Mosquito Birth Control and the Fight to Save Hawaiian Honeycreepers
In this Q&A, ABC's Hawai‘i Program Director Chris Farmer explains why Hawaiian honeycreepers are in such dire straits, and how ABC and partners' urgent initiative aims to save them using Wolbachia — a tested tool in the fight to protect human health.
Why is Hawai‘i sometimes called “the bird extinction capital of the world”?
CF: Because about 15 percent of the world's bird extinctions have occurred here over the last 700 years. We have lost about 67 percent of all Hawaiian birds since humans arrived. Of the remaining native bird species, 78 percent are federally listed — including 11 species that have not been detected in decades and are likely already extinct. The extinction threat in Hawai‘i is orders of magnitude more severe than for imperiled mainland birds. To give you an idea, there are 11 endangered songbird species here that have a combined population of approximately 10,000 birds, far less than the estimated population of the Red-cockaded Woodpecker of the southeastern U.S.
How many Hawaiian honeycreepers remain and why are they unique?
CF: Hawai‘i is one of the world's most isolated island chains. The distance, spectacular geography, and elevational range here provided an abundance of ecological niches into which newly arrived birds could expand. The endemic Hawaiian honeycreepers are world renowned for their incredible array of bill morphology and plumages. These unique birds arose from a Eurasian rosefinch species that arrived around 5.7 million years ago — before the formation of O‘ahu or any of the younger islands. Detecting avian fossils and pre-fossils in highly active volcanic islands is difficult, but the current estimate is that there were at least 59 different honeycreeper species — of which only 17 survive today.
Why are mosquitoes and the diseases they carry so lethal to Hawaiian honeycreepers?
CF: Because Hawai‘i is so distant from the continents, many creatures and pathogens never arrived here, including mosquitoes and avian malaria. Because the birds had millions of years without exposure to the disease, they lost whatever immunity they had by the time humans brought mosquitoes and malaria to the islands. Some honeycreepers, like ʻIʻiwi, are highly susceptible: One bite from an infected mosquito can cause death. The situation is similar for the Kiwikiu (Maui Parrotbill) that were translocated last year and, sadly, died from avian malaria.
How does climate change contribute to the rapid decline in remaining Hawaiian honeycreepers?
CF: Mosquitoes and the avian malaria parasite need warm temperatures to reproduce, so they were historically limited to the warmer, low elevations of Hawai‘i. The remaining native bird species mostly survive above this “mosquito zone,” in high-elevation forests. However, as temperatures warm, the mosquitoes are able to move up the mountain; the malaria parasite is also able to survive at these elevations, leading to increased disease transmission in previously safe habitats. Increased mosquito density is already being seen on Kaua‘i and Maui, and endemic honeycreepers on both islands are rapidly declining.
What are ABC and its partners doing to save Hawaiian honeycreepers?
CF: The avian disease/mosquito/native bird relationship has been known since the late 1960s, but there were no landscape-scale solutions possible until recently.
Building upon tremendous research and applications aimed at protecting human health, ABC and our local partners have been working on a method to control mosquito populations across thousands of acres to save the birds from extinction. We are mobilizing to use Wolbachia, common bacteria already present in Hawai‘i (and present in over 60 percent of all insects). Male mosquitoes raised in labs from eggs injected with a fertility-altering Wolbachia strain will be released into the wild. Using this strategy, it is possible to prevent the mosquitoes from reproducing: These males do not bite people, but they effectively find and mate with wild, fertile females. Resulting eggs do not hatch. This method is being used in 14 countries, including the United States, to control human diseases.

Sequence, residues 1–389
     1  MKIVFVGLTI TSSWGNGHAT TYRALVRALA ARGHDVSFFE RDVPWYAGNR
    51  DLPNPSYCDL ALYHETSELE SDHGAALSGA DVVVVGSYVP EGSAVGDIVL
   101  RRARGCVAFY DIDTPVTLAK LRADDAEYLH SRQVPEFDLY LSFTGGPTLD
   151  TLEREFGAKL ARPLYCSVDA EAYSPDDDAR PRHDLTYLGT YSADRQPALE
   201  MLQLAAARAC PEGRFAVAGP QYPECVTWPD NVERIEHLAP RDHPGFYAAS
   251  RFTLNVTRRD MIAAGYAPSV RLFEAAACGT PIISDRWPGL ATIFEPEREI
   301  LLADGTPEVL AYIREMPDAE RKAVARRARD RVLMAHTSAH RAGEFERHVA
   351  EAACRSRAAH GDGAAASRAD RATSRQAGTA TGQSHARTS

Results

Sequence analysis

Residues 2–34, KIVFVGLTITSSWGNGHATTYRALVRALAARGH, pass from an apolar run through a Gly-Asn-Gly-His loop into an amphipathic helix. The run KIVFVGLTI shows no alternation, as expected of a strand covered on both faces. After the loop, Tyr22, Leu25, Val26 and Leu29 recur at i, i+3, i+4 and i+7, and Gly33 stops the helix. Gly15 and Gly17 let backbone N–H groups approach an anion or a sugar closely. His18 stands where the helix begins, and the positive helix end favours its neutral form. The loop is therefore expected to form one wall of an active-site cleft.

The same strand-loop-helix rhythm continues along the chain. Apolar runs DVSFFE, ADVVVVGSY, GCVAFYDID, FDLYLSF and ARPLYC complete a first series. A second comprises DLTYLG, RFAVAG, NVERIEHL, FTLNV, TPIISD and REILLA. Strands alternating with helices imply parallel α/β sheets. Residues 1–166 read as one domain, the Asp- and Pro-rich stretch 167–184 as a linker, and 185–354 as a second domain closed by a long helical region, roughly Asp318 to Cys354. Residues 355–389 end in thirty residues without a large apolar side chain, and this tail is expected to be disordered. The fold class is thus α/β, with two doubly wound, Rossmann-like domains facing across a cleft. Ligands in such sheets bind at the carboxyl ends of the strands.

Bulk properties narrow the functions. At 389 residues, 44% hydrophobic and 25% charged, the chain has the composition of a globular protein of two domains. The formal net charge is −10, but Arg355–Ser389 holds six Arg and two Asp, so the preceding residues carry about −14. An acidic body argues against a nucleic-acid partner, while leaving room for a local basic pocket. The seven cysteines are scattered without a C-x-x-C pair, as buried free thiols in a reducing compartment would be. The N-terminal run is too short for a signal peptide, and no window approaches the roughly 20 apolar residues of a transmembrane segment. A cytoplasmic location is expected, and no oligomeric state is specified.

How is this mosquito-control effort different from those using genetically modified mosquitoes?
CF: There is an immense amount of research on mosquitoes and disease for human health, including many different types of modifications of the mosquito's genome. All of these methods modify the mosquitoes' actual DNA, and the changes can be passed on to their offspring, to varying degrees. The Wolbachia method does not alter the mosquito's genome. Using Wolbachia is not self-sustaining, and cannot be passed on to future generations. There will need to be continued releases into the habitat to protect Hawai‘i's birds. Although this will increase the costs, it gives the scientists more control over the program, and if this method knocks back mosquito populations, it will save many species from extinction.
CF: ABC and our partners are collecting data on mosquito abundance, distribution, and movement, and will be using this to construct a successful implementation strategy. We have also begun community engagement and outreach, because having local support is necessary for any success. The group is also working to develop and test the efficacy of the Wolbachia mosquitoes to prevent successful mosquito breeding. These results will inform the regulatory process, which includes securing all the required state and federal permits for the project. Learn more.
This project is generously supported by the National Fish and Wildlife Foundation; U.S. Fish and Wildlife Service, Science Applications Program and Recovery Implementation Funds; The Dorrance Family Foundation; Weissman Family Foundation; Atherton Family Foundation; and Kōaniani Fund of the Hawai‘i Community Foundation.
|Chris Farmer is ABC's Hawai‘i Program Director.|